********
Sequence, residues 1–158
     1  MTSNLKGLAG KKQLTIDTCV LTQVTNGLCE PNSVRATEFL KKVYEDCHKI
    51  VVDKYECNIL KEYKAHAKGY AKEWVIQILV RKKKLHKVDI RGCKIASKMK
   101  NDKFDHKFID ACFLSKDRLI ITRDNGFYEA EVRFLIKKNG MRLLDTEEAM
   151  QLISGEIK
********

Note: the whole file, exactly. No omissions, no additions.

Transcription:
Sequence, residues 1–158
     1  MTSNLKGLAG KKQLTIDTCV LTQVTNGLCE PNSVRATEFL KKVYEDCHKI
    51  VVDKYECNIL KEYKAHAKGY AKEWVIQILV RKKKLHKVDI RGCKIASKMK
   101  NDKFDHKFID ACFLSKDRLI ITRDNGFYEA EVRFLIKKNG MRLLDTEEAM
   151  QLISGEIK